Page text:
Poor physical health acts as a barrier for job seekers

People with serious mental illness perceive their physical health as a greater barrier to employment.


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Physical health conditions are pervasive among individuals with serious mental illness (SMI) living in the community. And many individuals with SMI are unemployed despite their desire to work.

A new study by Rutgers University explored participants’ perceptions of physical and mental health conditions as barriers to employment and the impact of such conditions on job-searching activities. The study found that such people often think that their physical health problems rather than psychological health make it difficult for them to find jobs.

Meanwhile, the study highlights the need for integrated mental health and physical health care for people with serious mental illness, especially those with long-term chronic conditions.

Lead author Ni Gao, an associate professor at Rutgers School of Health Professions, said, “Without addressing physical health problems, people with serious mental illness will continue to experience more health problems and diseases and do not seek employment that could improve their quality of life.”

Scientists met over one year with 162 people with serious mental illness living in supportive housing programs. At each meeting, they assessed the participants’ physical health and employment-related activities, such as the number of applications submitted, interviews they had gone to, job offers that were made, and what these individuals identified as their barrier to getting a job.

Almost 50% of the members had a high school diploma, and 27 percent were college-educated. Around 60 percent had not been utilized during the past five years, yet all expressed a desire to seek employment when enrolled in the study.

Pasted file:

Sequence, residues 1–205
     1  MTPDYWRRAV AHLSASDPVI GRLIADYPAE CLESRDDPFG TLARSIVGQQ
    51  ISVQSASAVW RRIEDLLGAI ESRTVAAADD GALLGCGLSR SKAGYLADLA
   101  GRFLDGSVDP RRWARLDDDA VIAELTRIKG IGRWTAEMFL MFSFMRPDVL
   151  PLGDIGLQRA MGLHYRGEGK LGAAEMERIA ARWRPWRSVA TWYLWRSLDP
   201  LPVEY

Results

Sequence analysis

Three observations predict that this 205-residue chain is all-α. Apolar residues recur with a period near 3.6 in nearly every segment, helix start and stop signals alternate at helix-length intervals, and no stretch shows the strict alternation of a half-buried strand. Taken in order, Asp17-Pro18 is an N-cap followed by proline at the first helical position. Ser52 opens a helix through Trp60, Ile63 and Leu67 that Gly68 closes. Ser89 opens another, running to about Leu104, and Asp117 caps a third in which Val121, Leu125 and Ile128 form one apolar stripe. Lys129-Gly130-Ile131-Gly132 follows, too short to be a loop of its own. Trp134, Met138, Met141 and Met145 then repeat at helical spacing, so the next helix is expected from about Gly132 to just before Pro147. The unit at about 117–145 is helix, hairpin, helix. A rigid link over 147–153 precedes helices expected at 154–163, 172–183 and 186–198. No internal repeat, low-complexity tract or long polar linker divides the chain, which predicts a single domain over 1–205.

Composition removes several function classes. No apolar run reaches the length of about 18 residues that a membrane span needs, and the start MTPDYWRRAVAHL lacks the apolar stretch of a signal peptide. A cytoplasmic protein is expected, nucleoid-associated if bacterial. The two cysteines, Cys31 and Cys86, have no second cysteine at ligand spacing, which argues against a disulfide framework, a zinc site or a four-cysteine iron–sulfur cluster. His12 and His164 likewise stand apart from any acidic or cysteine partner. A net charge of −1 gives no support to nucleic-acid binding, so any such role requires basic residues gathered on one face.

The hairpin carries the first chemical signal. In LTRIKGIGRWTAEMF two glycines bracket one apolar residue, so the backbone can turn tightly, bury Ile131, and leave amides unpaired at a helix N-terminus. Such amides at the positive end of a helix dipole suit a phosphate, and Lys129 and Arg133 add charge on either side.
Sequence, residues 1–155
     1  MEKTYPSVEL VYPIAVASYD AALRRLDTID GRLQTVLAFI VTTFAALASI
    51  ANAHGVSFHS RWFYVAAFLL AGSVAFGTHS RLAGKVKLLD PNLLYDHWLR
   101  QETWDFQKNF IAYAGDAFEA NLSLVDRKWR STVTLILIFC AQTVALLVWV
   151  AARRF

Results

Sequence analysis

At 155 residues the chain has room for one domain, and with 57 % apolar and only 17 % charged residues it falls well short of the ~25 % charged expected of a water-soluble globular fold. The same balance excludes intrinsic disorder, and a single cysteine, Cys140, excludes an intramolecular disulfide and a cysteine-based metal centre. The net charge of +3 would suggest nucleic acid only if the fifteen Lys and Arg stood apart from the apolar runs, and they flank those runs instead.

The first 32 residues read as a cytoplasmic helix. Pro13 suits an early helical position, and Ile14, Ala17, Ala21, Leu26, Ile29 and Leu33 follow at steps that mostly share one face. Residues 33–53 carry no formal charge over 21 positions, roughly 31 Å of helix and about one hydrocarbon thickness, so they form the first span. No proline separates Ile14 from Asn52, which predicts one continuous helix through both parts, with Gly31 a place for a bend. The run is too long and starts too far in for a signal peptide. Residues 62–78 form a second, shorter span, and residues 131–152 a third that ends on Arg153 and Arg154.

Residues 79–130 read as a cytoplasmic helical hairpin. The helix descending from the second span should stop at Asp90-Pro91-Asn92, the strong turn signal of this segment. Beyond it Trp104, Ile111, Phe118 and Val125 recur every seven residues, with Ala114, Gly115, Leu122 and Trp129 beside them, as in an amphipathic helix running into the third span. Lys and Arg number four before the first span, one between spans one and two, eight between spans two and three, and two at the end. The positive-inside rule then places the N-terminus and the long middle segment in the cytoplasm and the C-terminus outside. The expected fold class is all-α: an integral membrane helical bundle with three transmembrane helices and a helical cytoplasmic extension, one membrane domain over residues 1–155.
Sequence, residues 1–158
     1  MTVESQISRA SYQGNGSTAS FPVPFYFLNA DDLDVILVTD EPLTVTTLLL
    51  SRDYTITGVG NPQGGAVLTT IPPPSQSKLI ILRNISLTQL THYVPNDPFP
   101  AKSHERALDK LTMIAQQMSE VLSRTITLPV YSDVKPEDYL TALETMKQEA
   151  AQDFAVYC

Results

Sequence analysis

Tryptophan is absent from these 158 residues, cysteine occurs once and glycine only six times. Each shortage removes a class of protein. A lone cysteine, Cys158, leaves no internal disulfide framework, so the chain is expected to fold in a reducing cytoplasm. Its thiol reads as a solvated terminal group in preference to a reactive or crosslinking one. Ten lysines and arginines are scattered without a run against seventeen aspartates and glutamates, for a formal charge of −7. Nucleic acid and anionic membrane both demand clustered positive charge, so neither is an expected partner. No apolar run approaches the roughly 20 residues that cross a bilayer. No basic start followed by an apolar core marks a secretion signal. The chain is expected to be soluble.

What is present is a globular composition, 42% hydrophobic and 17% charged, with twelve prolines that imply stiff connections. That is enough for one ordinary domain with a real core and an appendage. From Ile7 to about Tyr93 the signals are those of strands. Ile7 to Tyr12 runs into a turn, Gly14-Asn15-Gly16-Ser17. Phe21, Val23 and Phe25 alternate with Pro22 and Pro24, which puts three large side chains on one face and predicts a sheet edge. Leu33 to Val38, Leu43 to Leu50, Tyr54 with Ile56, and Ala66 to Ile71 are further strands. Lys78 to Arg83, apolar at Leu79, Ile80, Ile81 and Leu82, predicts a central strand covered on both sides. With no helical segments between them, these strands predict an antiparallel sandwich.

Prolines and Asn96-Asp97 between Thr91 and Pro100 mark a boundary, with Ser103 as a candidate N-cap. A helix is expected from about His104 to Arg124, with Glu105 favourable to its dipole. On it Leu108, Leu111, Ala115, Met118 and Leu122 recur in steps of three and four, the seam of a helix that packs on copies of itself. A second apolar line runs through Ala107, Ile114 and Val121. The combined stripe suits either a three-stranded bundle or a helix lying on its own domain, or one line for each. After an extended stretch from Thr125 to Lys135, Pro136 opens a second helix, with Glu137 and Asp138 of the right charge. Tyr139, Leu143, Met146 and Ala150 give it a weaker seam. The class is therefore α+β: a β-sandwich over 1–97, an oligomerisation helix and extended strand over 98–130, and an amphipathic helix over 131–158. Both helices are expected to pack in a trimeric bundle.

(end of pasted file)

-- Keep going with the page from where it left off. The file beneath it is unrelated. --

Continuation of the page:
In every one of the month to month registration, 11 to 26 percent of the participants revealed that their long term physical health conditions -, for example, diabetes, chronic pain, and obesity– prevented them from job-seeking versus zero to 2 percent who announced obstructions because of long -term mental illness, for example, lack of energy in the job seeking due to depression or anxiety symptoms.

Gao said, “Studies have shown that the life expectancy of people with serious mental illness may be reduced by up to 25 years compared with the general population, but that employment may be one of key elements to improving and maintaining both their mental health and physical health. Employment increases their resources for better living conditions, and access to quality health care promotes positive self-identity and peer respect. These are people who are unemployed despite having a desire to work.”

“Therefore, the integration of mental health, physical health, and vocational rehabilitation for this underserved group deserve public attention.”

The study is published in The Journal of Vocational Rehabilitation.


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